Losing weight : Habits that prevent you from

Finding that secret to helping clients achieve a permanent healthy weight so that you lose client weight is the goal and desire of almost every nutrition/weight loss coach in practice today. We often encounter a client who has tried for many years to reach a goal weight but fails to maintain their weight loss or stops losing weight before reaching the goal. Many of these clients have attempted significant weight loss on more than one occasion and more than 40 % of the current adult world population has attempted to lose weight at one time (Santos et al., 2016). 

However, once optimistic coaches find themselves scratching their heads and looking for the reason why some of their clients fail to lose weight or maintain a healthy weight despite properly counseling their clients using evidence-based recommendations. I have dealt with frustrated calls and emails from clients who, despite weeks of following a diet, fail to see the scale move.

The truth is that daily habits are the destinies that determine success or failure in an attempt to lose weight, especially in the long term. Let’s review some common habits that can sabotage weight loss.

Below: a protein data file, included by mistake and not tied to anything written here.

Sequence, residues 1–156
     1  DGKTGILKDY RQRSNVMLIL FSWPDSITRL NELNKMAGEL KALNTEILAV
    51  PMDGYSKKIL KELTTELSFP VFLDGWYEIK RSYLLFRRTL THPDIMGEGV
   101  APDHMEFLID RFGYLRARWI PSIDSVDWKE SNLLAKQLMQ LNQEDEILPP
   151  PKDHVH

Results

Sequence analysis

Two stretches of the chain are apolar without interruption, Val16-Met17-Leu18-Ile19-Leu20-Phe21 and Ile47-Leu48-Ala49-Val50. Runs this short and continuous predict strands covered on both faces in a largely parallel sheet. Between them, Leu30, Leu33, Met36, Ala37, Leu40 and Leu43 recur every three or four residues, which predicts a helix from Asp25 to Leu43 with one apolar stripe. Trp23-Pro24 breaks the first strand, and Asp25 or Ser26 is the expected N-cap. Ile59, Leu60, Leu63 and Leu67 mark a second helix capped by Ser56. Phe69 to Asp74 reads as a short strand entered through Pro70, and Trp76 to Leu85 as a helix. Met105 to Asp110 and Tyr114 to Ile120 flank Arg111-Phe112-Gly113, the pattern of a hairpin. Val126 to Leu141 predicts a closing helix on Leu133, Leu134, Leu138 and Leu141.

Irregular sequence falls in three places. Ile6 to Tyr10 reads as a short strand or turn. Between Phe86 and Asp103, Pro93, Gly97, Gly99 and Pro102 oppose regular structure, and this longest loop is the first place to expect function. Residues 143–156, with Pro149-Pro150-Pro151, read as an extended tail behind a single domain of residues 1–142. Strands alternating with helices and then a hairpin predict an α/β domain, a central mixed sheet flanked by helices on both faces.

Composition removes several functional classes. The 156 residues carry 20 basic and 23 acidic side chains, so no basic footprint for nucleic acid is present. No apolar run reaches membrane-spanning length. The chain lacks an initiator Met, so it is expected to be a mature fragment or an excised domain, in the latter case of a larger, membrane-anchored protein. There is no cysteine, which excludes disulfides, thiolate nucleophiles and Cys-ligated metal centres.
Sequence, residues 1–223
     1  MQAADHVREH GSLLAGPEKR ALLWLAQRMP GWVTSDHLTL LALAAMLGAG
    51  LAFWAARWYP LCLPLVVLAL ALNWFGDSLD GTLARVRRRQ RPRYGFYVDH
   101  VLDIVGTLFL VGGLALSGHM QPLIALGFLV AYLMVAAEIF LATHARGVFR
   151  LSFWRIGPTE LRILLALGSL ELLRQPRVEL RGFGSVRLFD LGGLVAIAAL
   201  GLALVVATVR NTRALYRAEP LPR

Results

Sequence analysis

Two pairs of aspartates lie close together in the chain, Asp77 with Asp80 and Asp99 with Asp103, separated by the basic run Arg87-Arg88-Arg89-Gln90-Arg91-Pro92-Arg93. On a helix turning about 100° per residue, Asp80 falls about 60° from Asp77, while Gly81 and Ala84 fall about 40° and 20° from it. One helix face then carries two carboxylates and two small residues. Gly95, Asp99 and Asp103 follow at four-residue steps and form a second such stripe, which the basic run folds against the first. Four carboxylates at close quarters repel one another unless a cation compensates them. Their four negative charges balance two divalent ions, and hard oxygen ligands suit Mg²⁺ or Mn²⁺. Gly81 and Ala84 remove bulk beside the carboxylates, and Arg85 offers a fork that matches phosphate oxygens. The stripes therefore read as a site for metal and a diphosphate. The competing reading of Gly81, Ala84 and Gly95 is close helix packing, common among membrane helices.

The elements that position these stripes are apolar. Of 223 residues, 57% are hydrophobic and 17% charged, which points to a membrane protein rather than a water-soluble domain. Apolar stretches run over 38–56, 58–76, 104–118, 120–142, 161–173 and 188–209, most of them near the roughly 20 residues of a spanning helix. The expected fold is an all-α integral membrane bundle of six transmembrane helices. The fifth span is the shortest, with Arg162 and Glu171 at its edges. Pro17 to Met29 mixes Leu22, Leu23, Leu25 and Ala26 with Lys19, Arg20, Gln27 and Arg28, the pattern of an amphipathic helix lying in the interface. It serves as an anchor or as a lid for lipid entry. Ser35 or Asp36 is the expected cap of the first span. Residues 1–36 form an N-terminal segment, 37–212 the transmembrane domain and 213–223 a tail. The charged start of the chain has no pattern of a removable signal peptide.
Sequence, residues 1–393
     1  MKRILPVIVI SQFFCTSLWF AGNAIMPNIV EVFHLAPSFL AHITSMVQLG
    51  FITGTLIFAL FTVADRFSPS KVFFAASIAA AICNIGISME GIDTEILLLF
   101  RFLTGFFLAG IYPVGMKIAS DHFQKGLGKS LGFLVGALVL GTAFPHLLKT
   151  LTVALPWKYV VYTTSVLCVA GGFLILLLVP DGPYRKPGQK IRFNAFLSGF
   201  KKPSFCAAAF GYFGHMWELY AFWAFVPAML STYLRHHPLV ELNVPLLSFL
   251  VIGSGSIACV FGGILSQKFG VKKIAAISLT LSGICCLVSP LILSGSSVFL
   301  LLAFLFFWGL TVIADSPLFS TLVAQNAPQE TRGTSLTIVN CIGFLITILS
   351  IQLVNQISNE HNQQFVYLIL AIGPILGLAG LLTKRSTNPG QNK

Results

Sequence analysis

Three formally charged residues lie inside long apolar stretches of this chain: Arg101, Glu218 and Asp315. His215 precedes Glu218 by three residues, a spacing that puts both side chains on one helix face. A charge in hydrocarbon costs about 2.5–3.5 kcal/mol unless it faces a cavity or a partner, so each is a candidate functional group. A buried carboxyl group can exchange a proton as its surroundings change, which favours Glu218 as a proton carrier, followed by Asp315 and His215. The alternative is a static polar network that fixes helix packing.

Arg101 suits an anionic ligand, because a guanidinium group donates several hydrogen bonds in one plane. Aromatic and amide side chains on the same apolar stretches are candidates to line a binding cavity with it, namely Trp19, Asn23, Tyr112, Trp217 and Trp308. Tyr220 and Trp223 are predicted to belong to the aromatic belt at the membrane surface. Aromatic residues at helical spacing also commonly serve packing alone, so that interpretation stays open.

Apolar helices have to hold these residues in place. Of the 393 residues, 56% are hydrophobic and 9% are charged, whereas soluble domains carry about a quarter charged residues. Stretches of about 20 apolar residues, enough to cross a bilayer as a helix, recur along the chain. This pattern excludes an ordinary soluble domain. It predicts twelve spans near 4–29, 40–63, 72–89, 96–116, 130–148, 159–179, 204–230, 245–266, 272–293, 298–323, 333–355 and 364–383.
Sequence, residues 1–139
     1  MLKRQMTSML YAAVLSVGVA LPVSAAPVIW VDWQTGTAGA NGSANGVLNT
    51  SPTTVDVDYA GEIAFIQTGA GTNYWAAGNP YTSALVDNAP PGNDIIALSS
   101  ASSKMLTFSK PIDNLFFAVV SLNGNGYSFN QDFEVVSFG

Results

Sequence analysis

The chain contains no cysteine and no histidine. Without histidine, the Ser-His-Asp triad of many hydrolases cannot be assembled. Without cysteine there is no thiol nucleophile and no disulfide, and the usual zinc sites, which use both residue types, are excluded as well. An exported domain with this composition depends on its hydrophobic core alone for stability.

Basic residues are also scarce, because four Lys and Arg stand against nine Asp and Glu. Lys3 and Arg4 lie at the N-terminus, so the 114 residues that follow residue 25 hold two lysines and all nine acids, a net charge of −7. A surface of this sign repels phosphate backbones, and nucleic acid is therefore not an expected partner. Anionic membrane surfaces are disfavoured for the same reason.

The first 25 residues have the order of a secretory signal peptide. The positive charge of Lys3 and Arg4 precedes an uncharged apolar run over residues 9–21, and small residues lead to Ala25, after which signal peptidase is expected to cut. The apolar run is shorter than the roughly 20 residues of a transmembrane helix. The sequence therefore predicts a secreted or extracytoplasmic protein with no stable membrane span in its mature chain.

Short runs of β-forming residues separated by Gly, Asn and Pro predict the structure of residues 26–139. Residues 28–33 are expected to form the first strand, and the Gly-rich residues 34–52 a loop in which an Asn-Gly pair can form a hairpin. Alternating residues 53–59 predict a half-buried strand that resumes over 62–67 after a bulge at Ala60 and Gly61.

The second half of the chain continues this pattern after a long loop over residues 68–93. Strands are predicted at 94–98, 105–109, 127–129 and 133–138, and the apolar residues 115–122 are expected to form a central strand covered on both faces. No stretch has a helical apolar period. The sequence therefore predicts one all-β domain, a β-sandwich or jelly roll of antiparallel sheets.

We’ve all heard of so many quick weight loss strategies with low carb and fasting topping the list followed by various supplements, shakes, highly restrictive eating plans or very low calorie diets. While many of these diets produce a quick drop on the scale, unfortunately, they do not stand the test of time.

People seeking to lose weight often start a new diet with great enthusiasm, stick to the diet for a while, discover that the quick fix diet is not sustainable, abandon the diet, and regain the lost weight (sometimes more). Similarly, it is common for clients to continue to adhere to a quick fix diet and find that they no longer see the same dramatic results they saw in the beginning. There are several reasons for this. 

First, there is a psychological phenomenon known as the Hawthorne effect which refers to increased adherence to behavior when a person believes they are being monitored. When a person is starting a new diet, he or she will often tell friends or loved ones about the new diet. 

Perhaps they have even hired a nutrition coach who sells plans based on one of these diets. The person may adhere more strongly to the diet if they feel they are being monitored, but this will only last for a limited period until the novelty wears off (Turner-McGrievy et al., 2017).